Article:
FOLLOWING Joseph Puska’s recent conviction for the murder of Limerick student Ashling Murphy, debate about women feeling unsafe has resurfaced.
Mr Puska’s conviction reopened conversations from when Ms Murphy was killed last year about how many women perceive men in general to be a threat to their safety, particularly when women are alone jogging as Ashling Murphy was when the father of five took her life.
After hearing about Ms Murphy’s death on the news on January 12, 2022, her music lecturer at Mary Immaculate College (MIC), Dr Ailbhe Kenny, decided to go jogging.
“I too am a runner and I thought the best way to think about Ashling, to get some headspace to think about it all and process it, was actually to go for a run,” Dr Kenny explained.
It was her own personal tribute to Ms Murphy, who had graduated from her class three months earlier, as well as to show the perpetrators of violence against women, and the male cat-callers and wolf-whistlers, that they would not stymie her with fear.
There is no one silver-bullet strategy, Dr Kenny said, but changing a “culture of violence against women” should be more of a focus for early educators.
“As a runner, I have been catcalled, whistled at, yelled at, laughed at, pointed at. I haven’t been attacked, but all of these other things have happened to me, and I can guarantee you they happen on a weekly basis to female runner.
“There are women out there running who have fear constantly and who are being subjected to abuse that they shouldn’t be subjected to, and that can act on a continuum from the simple wolf-whistle to someone ending up being murdered.
“It’s about trying to change the culture, these very embedded ideas that females are objects that you can whistle at. I don’t mean to trivialise, but it’s not okay – some people may think it’s a very far cry from murdering a female, but actually it’s not that far away because it’s all on a continuum of abuse of women.
“The more normal that it becomes that women are objectified, and not seen as human beings who are just out for a walk or run and who can be abused in this way or have random acts of violence inflicted on them, the more society accepts that we just continue this perpetual fear amongst women who just want to go out and live their lives to the fullest.”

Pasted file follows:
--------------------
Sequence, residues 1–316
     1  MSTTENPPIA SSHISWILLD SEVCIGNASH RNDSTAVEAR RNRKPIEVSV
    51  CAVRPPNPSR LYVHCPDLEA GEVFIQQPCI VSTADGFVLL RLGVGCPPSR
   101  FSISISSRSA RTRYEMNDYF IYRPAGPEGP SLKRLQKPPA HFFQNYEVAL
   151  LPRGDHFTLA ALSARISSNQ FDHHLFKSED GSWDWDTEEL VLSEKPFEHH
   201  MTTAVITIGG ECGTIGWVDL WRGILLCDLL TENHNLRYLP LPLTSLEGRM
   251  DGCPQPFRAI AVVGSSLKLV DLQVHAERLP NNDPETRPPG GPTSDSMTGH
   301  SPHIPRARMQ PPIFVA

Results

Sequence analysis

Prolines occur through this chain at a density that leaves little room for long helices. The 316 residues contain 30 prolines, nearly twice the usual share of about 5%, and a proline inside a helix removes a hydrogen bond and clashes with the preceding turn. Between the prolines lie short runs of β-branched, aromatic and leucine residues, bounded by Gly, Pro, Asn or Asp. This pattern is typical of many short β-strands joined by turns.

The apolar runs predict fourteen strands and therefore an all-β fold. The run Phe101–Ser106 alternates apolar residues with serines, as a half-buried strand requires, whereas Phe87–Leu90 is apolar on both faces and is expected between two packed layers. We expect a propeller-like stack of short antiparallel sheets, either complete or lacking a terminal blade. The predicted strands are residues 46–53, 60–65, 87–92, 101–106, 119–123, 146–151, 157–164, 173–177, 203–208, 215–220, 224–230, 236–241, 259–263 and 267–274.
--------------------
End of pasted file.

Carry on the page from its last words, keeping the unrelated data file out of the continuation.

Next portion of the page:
Dr Kenny and Ms Murphy had shared common bonds, both from County Offaly, both runners, both educators.
“I couldn’t actually believe this could happen to someone so young. A complete senseless act with no apparent connection to any sort of criminality, and it also wasn’t an act of domestic violence that we would hear of much more frequently – it was just so incredibly random and senseless, and that was deeply shocking
“And then, after an hour I decided to put on my trainers and I went for a run,” Dr Kenny told this reporter last year following Ms Murphy’s murder.
Ms Murphy’s murder has made “women stop and think ‘will I go for that walk or run?’ and that was one of the reasons I did go for a run when I found out it was Ashling,” Dr Kenny said.
“We cannot let these violent acts against women restrict our freedom as women, we have to resist the fear, and keep getting out there and claiming our space.”
“We want to be able to walk and run in our communities, I want our female students here in Mary Immaculate College to go out for those runs, whether it’s daylight or nighttime, it shouldn’t matter, and it makes me really upset that that’s now threatened by this kind of act”.
Paying tribute to her former music student, she said: “Ms Murphy had a very bright future ahead of her, she had only just graduated and she has left a huge gap in all our lives.”
“Her leadership qualities were already beginning to shine through, she was already that member of the community that everyone knows.
“She was that person who consistently spread her skills and knowledge, she didn’t keep it to herself, she shared it.”